A brief history of unions
The first recorded formation of a union in the United States dates back to 1794 with the Federal Society of Journeymen Cordwainers (shoemakers) in Philadelphia.
Modern labor unions began to form around the time of the Industrial Revolution, most notably the American Federation of Labor (AFL) in 1866. The number of unions and union members continued to expand during World War I & II, and cemented their place in the American workforce when the AFL merged with the Congress of Industrial Organizations (CIO) in 1955. AFL-CIO is currently the largest federation of unions in the United States—made up of 55 national and international unions, representing more than 12 million active and retired workers.
Today, 10% of American workers are members of a union. These unions represent carpenters, police officers, firefighters, teachers, nurses, artists, musicians, and dozens of other professions in both the public and private sectors.
Why unions are important
Labor unions allow workers to organize and make democratic decisions about the issues that affect their work, like wages, schedules, pensions, and healthcare. The first unions formed in order to protect workers from unsafe workplace conditions, prevent employers from overworking employees, and negotiate fair wages on behalf of all union employees.
Common misconceptions about unions
Misconception 1: Unions drive up costs
THE TRUTH: Companies looking to save money on manufacturing costs is one of the driving forces behind rising American labor costs. Overseas factories are willing to take on jobs for a fraction of what it would cost domestically. Foreign manufacturers are able to do this because they don’t need to provide safe working conditions or fair wages to their employees. By relying on untrained and underpaid workers, the quality of work declines. If more companies hired skilled union workers, higher-quality products and services would be available at more affordable prices.
Misconception 2: Union tradespeople don’t work hard
THE TRUTH: Union workers take on some of the toughest and most demanding jobs in our economy. Their skillsets are critical to maintaining the day-to-day functions of society, helping our industries continue to grow, and providing quality work on each and every job. Calling union workers lazy because of a few scattered incidents is like calling all accountants criminals because of a few greedy bankers.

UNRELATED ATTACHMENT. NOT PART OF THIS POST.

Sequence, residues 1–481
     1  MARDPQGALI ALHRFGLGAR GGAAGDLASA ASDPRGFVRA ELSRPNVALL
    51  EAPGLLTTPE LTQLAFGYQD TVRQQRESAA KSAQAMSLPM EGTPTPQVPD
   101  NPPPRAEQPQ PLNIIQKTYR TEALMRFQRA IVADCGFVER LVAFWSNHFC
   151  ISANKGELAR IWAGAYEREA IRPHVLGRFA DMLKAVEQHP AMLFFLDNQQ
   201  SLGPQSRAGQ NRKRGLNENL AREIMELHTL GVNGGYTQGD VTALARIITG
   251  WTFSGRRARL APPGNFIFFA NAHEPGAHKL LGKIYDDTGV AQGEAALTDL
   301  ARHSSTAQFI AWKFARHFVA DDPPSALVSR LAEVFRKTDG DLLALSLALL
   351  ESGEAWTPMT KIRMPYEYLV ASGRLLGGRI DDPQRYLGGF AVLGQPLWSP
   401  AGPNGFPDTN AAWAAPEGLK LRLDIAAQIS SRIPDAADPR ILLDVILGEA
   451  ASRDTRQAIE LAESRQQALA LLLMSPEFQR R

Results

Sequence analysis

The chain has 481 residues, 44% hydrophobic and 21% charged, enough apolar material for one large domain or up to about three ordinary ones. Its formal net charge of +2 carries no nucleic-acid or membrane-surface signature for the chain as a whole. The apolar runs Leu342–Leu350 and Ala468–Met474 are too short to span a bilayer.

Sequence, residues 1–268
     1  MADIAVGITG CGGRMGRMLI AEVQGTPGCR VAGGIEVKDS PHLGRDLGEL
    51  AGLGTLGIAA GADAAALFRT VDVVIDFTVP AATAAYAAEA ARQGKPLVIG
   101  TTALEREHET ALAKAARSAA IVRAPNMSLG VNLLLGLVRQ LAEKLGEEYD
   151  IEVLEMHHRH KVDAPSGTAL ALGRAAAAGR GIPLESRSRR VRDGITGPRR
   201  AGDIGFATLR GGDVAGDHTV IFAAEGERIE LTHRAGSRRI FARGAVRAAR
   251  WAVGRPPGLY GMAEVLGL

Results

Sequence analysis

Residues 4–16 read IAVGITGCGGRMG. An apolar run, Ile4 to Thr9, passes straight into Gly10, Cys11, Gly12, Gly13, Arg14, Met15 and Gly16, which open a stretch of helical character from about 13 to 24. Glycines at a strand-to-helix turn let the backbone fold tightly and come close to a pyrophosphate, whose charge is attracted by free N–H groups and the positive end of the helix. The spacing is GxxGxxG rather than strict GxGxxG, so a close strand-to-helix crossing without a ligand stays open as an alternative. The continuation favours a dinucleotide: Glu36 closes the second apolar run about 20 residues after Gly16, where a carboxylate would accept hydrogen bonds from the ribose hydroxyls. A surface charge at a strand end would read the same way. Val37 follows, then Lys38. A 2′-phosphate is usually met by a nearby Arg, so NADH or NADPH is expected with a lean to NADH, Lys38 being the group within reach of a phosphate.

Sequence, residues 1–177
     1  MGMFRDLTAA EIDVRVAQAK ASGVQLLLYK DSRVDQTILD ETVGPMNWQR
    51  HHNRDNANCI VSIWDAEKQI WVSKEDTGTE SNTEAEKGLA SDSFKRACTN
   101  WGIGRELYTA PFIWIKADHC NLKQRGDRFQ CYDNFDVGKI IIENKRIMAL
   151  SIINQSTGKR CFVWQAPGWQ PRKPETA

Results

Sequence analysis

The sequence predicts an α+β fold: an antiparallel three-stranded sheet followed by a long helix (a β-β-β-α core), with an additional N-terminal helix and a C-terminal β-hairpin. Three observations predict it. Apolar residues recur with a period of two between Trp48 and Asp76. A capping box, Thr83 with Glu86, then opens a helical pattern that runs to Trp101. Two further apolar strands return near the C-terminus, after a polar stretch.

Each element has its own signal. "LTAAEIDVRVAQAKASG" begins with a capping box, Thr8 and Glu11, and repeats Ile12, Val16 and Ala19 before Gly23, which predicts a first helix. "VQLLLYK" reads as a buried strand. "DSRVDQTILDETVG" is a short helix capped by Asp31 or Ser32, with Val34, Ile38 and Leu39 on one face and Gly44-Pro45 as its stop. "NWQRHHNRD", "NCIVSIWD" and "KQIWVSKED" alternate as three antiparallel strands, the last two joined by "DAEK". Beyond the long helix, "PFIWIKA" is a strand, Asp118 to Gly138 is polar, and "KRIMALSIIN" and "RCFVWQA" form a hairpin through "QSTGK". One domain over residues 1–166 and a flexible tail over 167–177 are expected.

Misconception 3: Union work isn’t steady
THE TRUTH: Most of our members currently work year-round. Members who show up to work on time each day, work hard, and do well in their trade can easily exceed full-time hours. The union also provides services to keep all members employed if the member is between work assignments.
Misconception 4: Union workers don’t have a voice
THE TRUTH: Unions are democratic by nature and encourage members to share their thoughts and grievances with the union leadership at any time. Union members have a direct voice in electing their leadership, approving bylaws, and voting on contracts.
Misconception 5: Labor unions aren’t necessary anymore
THE TRUTH: Without unions to negotiate fair contracts, workers could be laid off or fired by their employer without just cause. If that happened, workers wouldn’t have access to fair and accurate representation to fight for their rights. A strong middle class is the key to a strong economy. That means ensuring employment and fair wages for as many Americans as possible. As the national conversation around minimum wage continues to unfold, it’s clear that unions are still needed to protect workers and advocate for their right to earn fair wages, enjoy a healthy work-life balance, and not have to worry about employers replacing them with unskilled labor.
Unions are constantly looking for ways to grow and support as many workers as possible. As the country continues to evolve, so will the ways that unions organize themselves, the goals they set, and the issues they advocate for.
Schedule a tour with Carpenters Training Institute to learn more about joining the skilled workforce.